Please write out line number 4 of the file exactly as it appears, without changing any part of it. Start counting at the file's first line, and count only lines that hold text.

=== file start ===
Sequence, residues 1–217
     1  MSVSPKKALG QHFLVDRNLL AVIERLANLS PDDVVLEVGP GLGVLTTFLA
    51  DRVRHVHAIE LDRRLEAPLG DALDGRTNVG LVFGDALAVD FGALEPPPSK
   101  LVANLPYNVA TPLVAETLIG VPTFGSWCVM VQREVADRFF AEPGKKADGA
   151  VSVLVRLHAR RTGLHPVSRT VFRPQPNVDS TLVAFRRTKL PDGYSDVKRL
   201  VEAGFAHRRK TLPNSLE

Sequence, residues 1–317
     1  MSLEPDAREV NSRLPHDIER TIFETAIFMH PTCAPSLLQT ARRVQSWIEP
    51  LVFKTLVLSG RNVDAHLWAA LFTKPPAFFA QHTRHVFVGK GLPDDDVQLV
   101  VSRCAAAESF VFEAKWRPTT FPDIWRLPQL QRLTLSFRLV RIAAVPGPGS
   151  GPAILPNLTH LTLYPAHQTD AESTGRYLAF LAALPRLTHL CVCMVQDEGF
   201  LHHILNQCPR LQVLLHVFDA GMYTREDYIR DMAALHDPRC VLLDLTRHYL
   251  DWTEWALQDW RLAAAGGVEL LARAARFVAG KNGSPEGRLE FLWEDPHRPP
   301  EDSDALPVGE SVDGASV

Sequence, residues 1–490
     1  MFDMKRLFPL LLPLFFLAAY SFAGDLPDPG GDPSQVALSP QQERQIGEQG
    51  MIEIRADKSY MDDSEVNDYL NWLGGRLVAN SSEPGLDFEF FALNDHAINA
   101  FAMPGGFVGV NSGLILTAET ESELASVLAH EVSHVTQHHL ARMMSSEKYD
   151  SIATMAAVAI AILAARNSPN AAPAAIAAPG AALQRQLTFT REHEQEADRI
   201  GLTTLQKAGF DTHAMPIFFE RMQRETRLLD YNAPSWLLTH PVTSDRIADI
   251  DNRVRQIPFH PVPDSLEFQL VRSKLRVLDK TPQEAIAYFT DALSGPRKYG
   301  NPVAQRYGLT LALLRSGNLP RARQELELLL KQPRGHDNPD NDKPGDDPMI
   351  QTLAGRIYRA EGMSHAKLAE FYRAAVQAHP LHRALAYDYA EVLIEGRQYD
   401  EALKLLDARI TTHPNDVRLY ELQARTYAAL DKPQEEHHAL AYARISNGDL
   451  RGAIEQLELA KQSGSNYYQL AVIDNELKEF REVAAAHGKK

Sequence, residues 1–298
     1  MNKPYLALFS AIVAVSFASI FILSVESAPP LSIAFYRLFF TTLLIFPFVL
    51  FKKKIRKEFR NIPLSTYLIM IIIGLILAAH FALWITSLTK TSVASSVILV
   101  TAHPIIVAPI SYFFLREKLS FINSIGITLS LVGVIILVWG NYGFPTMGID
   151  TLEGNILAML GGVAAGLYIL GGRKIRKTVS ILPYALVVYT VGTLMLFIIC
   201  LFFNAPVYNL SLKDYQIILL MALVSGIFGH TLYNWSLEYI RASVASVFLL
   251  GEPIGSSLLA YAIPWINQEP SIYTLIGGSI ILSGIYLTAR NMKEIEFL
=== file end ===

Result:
   101  LVANLPYNVA TPLVAETLIG VPTFGSWCVM VQREVADRFF AEPGKKADGA